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  5. It seems that wareneki are the same as pierogi...am I right?

    I like pierogi filled with sauerkraut...do you ever make wareneki with kraut?

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    1. Or Pierogi filled with mashed potatoes/onions. Such is found in the deli/meat markets of Northeast Minneapolis, MN, in the Polish neighborhoods. Yum!

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    2. Vareniki are what we Ukrainians call them. The Polish people call them Perogies (although I never did understand this because the word Vareti means to "cook" or "boil" which fits the description and makes total sense. Whereas the word Perogies were derived the the word Pir, which was a fancy banquet. Pir - rogies (rogies or Rohy means Horns, so = "Fancy banquet horns". But in Ukrainian,actual Pirogies are baked or deep fried dough and usually contain ground meats or fried cabbage/saurkraut and DO look like "horns", so to me, that makes much more sense.) Go figure. And look for Farmers Cheese in the dairy isle of larger supermarkets or "Pot cheese". Otherwise, just fill with seasoned mashed potatoes. Add some cheddar and sauteed onions to the potatoes for a real treat. Smatchnoho !

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  6. So is there a gluten free version yet? What flour sub would be recommended?

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  7. I think it may be called Farmer's cheese in the US. Regualar cottage cheese would be too wet I think.
    Kathy - these look so good. I'll have to make them again soon.

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  8. I think this would be fantastic with farmer's cheese. We may cars using goats milk from are goats, but I wonder if you could make it with milk from the store?

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  9. Look's good the dough recipe I always use to make (keidldle )known in the hutterite I recieved from a friend ..many years ago
    Just cut it and drop into hot water .. or roll and make thick noodles .. serve with sour cream or gravy butter etc .. grandkids love them just plain ,, with butter ..

    Sask menn

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  10. In my home town in Kansas, they are usually fried after the boiling. Serve with homemade sausage or ham, and pour the gravy from the meat over the veranika. My mother-in-law put a drop of smoke seasoning in her gravy. Yum!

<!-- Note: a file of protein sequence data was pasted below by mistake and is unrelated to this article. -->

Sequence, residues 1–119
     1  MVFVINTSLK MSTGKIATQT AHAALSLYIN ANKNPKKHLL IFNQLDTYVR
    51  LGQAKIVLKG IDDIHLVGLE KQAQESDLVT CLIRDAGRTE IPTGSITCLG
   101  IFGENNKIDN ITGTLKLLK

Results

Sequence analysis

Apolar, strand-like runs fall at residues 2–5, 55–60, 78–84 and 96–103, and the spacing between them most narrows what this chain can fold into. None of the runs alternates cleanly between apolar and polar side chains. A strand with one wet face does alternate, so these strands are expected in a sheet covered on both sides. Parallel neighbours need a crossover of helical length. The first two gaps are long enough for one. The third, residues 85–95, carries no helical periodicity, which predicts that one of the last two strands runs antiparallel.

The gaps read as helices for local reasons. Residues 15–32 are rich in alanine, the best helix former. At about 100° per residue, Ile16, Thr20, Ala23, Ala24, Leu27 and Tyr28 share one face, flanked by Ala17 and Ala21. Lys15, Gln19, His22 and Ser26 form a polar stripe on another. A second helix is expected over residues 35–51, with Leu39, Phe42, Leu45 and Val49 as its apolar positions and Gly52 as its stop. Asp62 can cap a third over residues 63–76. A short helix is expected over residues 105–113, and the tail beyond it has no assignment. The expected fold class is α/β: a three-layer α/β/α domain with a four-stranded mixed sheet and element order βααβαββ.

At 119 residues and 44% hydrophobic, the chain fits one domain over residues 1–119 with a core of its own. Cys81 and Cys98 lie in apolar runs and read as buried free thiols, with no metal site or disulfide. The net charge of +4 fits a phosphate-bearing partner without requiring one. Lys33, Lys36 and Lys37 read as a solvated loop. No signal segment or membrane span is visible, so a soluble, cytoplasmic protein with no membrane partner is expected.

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  11. What would you have to do if you wanted to freeze them?

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    1. Jacquie,

      I would freeze them before cooking them right on the cookie sheet, then bag them once they're frozen. Then just cook them as usual.

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    2. Awesome - thanks! I LOVE cottage cheese warenki, but have always been afraid to try making them myself. Maybe I'll finally give it a shot! :)

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    3. I freeze these on cookie sheets and then once frozen I put them into freezer bags. When ready to use take out as many as you need. Boil from frozen. Enjoy!

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    4. I make several dozen at one time. Lay a layer of wax paper down on the cookie sheet, layer of perogies so the do not touch and another layer of wax paper and another layer of perogies. Works slick and so delicious for unexpected guests at meal time.

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  12. Cottage cheese wareneki with 'schmauntfat' (cream gravy)...and some Farmer Sausage...a meal to die for!!

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    1. YES!!! Exactly how we love them best! :)

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  13. You're making me hungry. I haven't made these in a while. My mom used to make plum vereniki and serve them with melted butter and sugar; a great dessert after cottage cheese vereniki!

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  14. do you have the recipe for schmaunfat to pass along as well? Like someone else said, there's nothing like it :-)